If you had told me 10 years ago that I would be making my living as a longarm quilter, quilting for hire and teaching classes around the United States, I would have thought you were crazy. I can’t believe how much my life has changed and all the wonderful people this crazy passion has brought into my life. One of the biggest changes happened just recently. I added a new addition to my studio.
Before I tell you about my new addition, I’d like to tell you a little bit about how I got to this point. I have always sewn. At least as long as I can remember. My mom taught me how to sew when I was little and I did the requisite 4H projects in the small midwestern town where I grew up. I even made a few baby blankets, but no real “quilted” projects. I started getting into quilting when my niece and nephew were born 20 plus years ago, but I never really made any quilts. I just made tops. I tried hand quilting. It just wasn’t for me, and I’ve never been able to get the hang of moving the quilt around for domestic quilting. It wasn’t until we moved to Lincoln, NE, ten years ago, that I really started actually finishing tops.
I had been teaching nursing at the University of New Mexico, prior to the move, but with a 4 and a 7-year-old I needed something more flexible. I saw an ad for a used Gammill Longarm machine in the paper and I told my husband “I can do this as a business”. He said “sure, I believe in you”. “No,” I said “I appreciate that, but I really think you need to come look at it”. “It’s ok, I trust you” he said “if you say you can make it work, I know you will.” Now whereas I appreciated his support, I really felt that he needed to come look at the machine first. After a bit of persuading, he came with me to the lady’s house. He was really quiet for a few minutes, upon being confronted with the enormity of seeing a longarm machine for the first time, then he said “we’re going to need a bigger truck.” That’s all he ever said about it. I really love that man.
Now I had a machine that cost more than my minivan and a husband who was incredibly supportive. (this sounds like a good thing, but it was a lot of pressure too.) I set out to teach myself everything I could about longarm quilting. I took a few classes, but not until later, as it was hard to get away with little kids. I did have an advantage in that I had grown up in a family business, so at least that aspect wasn’t new to me. I knew that I had to make this work no matter what. Fortunately, I really enjoyed it. This helped get me through some of the rougher patches. (The first time I blew a fuse and was in tears because I thought I had killed my machine). (The first time a needle broke and ripped a customer quilt. It happens.) My joy and love (my kids and family called it something different, i.e. obsession) for my new-found career got me through all of the difficulties I encountered. (Believe me, not every day was a bed of roses). Over the last 10 years I’ve tried to be open to new opportunities and challenges as they have come my way. Some have worked out better than others, but I’ve learned something from all of them.
This brings me to my new addition. Last November, I was honored to become a Gammill Quilt Artist. I have loved Gammill since I bought that used Optimum plus. They are a beast. There is nothing my machine won’t do. (within reason, of course) So, when I was given the opportunity, I jumped at it. I had been toying with the idea of getting a second machine for a while, and this was just the impetus I needed. There was only one problem. Where was it going to go? These are not exactly small after all. Even going down to a 10’ table it was still going to take up a fair amount of space. My husband was not wild about the idea of it living in the living room so I had to come up with plan B.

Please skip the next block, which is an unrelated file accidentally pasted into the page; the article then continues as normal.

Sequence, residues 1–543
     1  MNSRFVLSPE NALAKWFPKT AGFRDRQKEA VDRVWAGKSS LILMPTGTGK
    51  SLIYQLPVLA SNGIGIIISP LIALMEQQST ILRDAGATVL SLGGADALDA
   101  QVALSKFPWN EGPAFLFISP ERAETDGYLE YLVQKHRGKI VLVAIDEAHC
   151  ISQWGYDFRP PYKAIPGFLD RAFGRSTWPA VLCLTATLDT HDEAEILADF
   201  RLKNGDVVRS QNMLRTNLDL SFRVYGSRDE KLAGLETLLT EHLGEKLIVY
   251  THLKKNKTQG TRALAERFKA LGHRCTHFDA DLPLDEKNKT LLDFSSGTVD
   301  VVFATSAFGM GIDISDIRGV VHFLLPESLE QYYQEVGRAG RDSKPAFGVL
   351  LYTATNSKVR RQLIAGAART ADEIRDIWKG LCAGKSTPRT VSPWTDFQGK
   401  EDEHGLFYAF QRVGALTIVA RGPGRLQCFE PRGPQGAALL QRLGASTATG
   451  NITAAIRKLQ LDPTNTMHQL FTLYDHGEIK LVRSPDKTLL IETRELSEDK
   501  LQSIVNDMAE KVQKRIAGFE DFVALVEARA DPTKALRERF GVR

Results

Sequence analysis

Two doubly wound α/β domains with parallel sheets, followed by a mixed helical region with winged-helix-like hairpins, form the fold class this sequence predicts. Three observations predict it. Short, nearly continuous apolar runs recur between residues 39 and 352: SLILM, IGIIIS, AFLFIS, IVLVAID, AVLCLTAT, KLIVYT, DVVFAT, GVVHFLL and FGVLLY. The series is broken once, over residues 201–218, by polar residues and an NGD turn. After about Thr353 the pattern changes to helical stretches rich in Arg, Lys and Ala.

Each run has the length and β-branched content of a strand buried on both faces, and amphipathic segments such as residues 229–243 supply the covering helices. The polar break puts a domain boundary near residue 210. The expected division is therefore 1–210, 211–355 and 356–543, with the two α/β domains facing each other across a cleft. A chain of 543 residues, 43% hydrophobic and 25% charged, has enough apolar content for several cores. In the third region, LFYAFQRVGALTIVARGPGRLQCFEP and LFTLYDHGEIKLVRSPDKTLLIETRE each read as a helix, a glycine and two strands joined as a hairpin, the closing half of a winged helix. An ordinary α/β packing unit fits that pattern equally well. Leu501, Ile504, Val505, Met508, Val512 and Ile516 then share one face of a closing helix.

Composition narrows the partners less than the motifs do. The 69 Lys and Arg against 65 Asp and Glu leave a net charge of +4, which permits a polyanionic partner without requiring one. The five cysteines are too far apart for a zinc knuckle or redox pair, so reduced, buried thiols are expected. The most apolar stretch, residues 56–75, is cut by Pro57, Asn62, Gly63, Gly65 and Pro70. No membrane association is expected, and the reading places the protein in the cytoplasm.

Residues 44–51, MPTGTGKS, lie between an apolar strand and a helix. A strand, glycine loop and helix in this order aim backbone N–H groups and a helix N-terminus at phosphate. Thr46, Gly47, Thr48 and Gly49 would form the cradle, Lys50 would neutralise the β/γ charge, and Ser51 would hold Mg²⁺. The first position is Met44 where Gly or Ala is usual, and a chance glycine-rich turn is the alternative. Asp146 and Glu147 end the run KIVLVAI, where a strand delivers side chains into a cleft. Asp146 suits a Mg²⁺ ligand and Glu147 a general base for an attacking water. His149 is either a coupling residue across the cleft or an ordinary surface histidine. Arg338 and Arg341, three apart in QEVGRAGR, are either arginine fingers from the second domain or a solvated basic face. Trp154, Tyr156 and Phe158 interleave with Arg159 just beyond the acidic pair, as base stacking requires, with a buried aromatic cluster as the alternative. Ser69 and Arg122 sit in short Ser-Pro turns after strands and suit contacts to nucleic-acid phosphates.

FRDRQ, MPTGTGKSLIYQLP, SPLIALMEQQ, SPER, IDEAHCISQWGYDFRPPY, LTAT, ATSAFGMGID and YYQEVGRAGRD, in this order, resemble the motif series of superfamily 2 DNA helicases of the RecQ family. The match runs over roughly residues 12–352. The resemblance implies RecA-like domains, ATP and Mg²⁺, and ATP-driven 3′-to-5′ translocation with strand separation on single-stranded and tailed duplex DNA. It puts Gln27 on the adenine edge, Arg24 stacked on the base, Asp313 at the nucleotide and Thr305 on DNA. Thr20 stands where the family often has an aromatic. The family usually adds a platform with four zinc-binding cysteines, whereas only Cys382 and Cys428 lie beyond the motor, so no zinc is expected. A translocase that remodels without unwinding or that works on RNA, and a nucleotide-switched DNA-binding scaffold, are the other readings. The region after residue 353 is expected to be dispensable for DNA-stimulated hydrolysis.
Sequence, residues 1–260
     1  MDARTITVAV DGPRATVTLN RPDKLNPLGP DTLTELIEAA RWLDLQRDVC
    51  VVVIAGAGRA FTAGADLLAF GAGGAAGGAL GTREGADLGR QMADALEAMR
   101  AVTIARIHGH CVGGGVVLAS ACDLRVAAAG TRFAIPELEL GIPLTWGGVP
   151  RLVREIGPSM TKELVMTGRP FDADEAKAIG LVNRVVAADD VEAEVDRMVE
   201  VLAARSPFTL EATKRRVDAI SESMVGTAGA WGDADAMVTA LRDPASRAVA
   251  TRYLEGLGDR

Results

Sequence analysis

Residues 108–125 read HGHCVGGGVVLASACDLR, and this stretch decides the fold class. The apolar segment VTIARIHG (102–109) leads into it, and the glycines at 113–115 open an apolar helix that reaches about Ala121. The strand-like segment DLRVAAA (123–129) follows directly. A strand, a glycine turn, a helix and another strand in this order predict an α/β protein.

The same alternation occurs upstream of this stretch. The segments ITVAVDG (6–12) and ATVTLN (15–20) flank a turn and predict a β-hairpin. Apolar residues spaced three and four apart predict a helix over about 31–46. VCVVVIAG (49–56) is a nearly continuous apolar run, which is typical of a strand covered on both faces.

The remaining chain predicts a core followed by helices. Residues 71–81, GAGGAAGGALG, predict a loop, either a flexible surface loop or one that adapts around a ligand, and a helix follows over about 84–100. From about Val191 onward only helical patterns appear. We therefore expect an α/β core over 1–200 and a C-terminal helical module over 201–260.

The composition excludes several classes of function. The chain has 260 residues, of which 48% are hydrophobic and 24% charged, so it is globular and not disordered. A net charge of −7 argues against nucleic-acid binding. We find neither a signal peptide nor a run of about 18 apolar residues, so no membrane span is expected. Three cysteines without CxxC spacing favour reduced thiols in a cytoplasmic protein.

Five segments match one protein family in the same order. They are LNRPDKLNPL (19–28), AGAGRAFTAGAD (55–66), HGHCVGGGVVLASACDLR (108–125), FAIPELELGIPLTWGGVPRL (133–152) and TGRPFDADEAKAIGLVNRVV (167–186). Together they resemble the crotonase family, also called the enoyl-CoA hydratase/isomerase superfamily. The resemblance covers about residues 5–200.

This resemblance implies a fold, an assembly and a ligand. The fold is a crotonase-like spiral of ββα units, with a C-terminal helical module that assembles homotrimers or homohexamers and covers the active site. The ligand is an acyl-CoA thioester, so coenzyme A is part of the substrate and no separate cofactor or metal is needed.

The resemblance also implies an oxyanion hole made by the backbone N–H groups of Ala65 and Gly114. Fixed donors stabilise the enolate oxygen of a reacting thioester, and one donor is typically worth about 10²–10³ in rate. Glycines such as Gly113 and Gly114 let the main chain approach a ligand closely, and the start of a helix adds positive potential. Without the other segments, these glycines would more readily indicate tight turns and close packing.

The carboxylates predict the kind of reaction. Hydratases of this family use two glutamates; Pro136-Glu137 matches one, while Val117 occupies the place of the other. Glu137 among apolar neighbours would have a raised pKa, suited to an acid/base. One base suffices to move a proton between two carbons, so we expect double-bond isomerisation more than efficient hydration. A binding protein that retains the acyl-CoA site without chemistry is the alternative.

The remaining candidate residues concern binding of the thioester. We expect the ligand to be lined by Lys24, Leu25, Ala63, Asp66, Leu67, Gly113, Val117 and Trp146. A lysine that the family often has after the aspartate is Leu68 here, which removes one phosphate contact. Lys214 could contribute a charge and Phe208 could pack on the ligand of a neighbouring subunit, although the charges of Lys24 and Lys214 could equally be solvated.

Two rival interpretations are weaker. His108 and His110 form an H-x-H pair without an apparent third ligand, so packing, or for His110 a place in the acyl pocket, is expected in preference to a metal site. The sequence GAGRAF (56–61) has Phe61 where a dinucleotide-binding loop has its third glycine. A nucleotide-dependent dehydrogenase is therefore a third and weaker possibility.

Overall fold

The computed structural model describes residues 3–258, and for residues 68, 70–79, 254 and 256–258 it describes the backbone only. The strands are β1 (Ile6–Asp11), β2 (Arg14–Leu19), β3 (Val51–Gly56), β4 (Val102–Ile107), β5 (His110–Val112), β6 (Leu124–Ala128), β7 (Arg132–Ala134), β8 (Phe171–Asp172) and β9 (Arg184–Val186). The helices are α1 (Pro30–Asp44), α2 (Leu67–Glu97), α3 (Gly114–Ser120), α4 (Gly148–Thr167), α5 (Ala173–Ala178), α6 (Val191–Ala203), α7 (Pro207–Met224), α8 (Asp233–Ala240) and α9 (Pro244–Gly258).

Fortunately, my dad used to own a construction company. He helped me remodel the back half of my studio and finish the ceiling. I pretty much bought out the shelving section at my local Shopko and organized the heck out of the rest of the space. There wasn’t any room to spare, but we created enough space to put in the new machine.
Now it was just a matter of waiting for the machine. Between my schedule and theirs, and the awful flooding around the plant, it took a little while before we could coordinate a delivery time. Finally, two weeks ago, the awesome Holly and Farley Zuber of Coyote Creek HQS in South Dakota brought me my new baby.
It’s fantastic. Both my new and my old machine are hand guided, so I can still only quilt on one at a time, but it allows me to actually get some of my own things done. In the past, if I wanted to work on something of my own, I had to rush to get it done. I didn’t want to be late with any customer quilts. Now I can have something of mine on one machine and a customer quilt on the other. The new machine has a light bar and hydraulics. I don’t know how I ever got along without these. I had hydraulics put on my old machine while they were here too, and my back is absolutely loving it.
Now some of you are probably wondering how I determined it was a boy. For starters, it’s a lot more demanding than my old machine. It’s a Gammill Vision 2, so it has the touch screen and just like a smart phone it’s wants to be the center of your attention. You know, look at me look at me. Also, because of the extra features (don’t get me wrong, they’re really cool) it has more bells and whistles. Literally. Lastly, it’s a back-seat driver. It keeps telling me that I drive too fast. So, I’ve decided it’s a boy. (apologies to the three I live with, but it is what it is.)